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Lesson Working with Space Groups How to convert space

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Lesson Working with Space Groups How to convert space Powered By Docstoc
					    Lesson 12—Working with Space
              Groups
   How to convert a space group to a point group
   Adding the translational elements
   Calculating the coordinates of the symmetry
    operations
   Cell transformations
                   Homework
   Is there anything wrong with the proposed
    space group Pbac? If so what.
   Is there a difference between 21 and 63? If so
    what is it.
       Working with Space Groups
   I find it easiest to begin by reducing the space
    group to a point group.
   This is done by removing all the translational
    symmetry elements (i.e. Fractions like ½)‫‏‬
   Then try to identify what the symmetry
    operation is from the operation
   Look up P21/c
          x,y,z; -x,1/2+y,1/2-z; -x-y-z;
                  x,1/2-y,1/2+z
   Note the cell is centric.
   The fourth coordinate is the second operated on
    by the inversion center
       -x goes to x
       1/2+y goes to -1/2-y but since -1/2 = ½ it becomes
        1/2-y
       1/2-z becomes 1/2+z
   When symmetry is entered into SHELX
    operations related by inversion are omitted
        x,y,z; -x,1/2+y,1/2-z; -x-y-z;
                x,1/2-y,1/2+z
   x,y,z contains no translation and is 1
   -x,+y,-z is 2 along b
   -x,-y,-z is -1 (one bar)‫‏‬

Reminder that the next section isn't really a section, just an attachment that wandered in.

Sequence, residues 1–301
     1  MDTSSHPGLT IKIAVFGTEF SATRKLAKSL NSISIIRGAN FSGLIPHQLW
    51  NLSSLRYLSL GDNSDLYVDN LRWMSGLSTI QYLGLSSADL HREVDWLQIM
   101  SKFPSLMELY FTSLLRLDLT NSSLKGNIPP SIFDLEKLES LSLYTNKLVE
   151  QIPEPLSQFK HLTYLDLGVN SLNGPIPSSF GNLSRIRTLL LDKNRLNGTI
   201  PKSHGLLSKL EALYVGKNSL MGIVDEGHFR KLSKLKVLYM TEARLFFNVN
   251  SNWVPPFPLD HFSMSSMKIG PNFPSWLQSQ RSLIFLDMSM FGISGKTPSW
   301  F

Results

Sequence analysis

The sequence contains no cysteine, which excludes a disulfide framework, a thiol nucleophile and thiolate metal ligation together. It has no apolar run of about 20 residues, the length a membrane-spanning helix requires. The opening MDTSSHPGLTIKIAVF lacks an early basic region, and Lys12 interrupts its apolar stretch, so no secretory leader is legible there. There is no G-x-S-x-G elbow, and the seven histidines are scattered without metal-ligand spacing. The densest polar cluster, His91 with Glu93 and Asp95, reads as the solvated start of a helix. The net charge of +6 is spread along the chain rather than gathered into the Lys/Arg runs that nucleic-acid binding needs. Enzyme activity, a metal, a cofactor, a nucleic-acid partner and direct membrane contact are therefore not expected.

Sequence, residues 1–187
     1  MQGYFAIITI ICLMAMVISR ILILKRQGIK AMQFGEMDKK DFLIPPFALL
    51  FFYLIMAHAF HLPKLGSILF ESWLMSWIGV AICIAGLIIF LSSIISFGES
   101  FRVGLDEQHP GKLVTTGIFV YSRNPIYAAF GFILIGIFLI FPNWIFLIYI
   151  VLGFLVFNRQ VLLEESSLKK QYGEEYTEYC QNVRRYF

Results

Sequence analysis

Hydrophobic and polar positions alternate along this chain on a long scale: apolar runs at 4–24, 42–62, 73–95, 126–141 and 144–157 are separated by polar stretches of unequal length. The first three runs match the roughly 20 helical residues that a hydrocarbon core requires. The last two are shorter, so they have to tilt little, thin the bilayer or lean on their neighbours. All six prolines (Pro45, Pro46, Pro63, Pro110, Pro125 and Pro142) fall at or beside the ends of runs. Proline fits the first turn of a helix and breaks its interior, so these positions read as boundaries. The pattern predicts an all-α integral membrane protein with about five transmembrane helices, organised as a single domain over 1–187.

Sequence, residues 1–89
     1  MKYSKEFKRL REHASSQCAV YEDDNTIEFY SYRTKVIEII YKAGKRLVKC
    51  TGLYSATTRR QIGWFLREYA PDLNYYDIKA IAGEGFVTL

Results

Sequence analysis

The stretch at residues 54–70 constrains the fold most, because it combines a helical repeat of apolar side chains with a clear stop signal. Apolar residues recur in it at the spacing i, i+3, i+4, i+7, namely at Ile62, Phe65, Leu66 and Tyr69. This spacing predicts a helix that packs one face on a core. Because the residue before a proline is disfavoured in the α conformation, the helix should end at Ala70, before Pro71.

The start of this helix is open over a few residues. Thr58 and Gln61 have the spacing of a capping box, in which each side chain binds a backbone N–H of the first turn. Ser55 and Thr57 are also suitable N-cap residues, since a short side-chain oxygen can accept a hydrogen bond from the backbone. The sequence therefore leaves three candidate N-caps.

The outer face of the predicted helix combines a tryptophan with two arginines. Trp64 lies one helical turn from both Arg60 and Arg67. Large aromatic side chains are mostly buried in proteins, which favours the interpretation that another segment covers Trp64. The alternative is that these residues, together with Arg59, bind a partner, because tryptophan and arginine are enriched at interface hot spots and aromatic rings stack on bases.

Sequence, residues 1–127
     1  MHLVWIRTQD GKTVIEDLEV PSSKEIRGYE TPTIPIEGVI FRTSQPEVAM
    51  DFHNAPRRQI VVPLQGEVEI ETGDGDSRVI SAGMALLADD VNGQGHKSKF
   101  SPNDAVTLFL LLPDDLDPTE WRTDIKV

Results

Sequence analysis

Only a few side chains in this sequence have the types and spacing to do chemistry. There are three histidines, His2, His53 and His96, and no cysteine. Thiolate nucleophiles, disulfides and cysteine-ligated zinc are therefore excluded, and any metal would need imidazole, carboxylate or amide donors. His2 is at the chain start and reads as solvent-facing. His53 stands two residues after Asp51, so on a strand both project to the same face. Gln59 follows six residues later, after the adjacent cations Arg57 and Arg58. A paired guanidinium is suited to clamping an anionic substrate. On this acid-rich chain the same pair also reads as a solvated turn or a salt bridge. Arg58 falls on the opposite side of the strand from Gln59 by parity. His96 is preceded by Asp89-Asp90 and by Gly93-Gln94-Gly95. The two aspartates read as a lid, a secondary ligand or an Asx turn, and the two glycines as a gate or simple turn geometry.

   x,-y,z is m perpendicular to b
   The Shöenflies symbol then is C2h
         x,y,z; -x,1/2+y,1/2-z; -x-y-z;
                 x,1/2-y,1/2+z
   Since this Space Group is P21/c it can be
    concluded
       The 2 must become 21—there must be a translation
        of ½ along b with the rotation
       The m must become c – there must be a translation
        of ½ along c with the mirror perpendicular to b
        x,y,z; -x,1/2+y,1/2-z; -x-y-z;
                x,1/2-y,1/2+z
   So the second operation becomes
       -x,1/2+y,-z
   The fourth operation becomes
       x,-y,1/2+z
   These do not match the operations for the
    space group! What is wrong?
              A New Wrinkle
In point group symmetry all the symmetry
  operations must pass through the origin!

In space group symmetry the operations do NOT
  have to intersect each other or the origin.

For example the plane that is xz can be a mirror
 at y=1/4!
         Offset Symmetry Element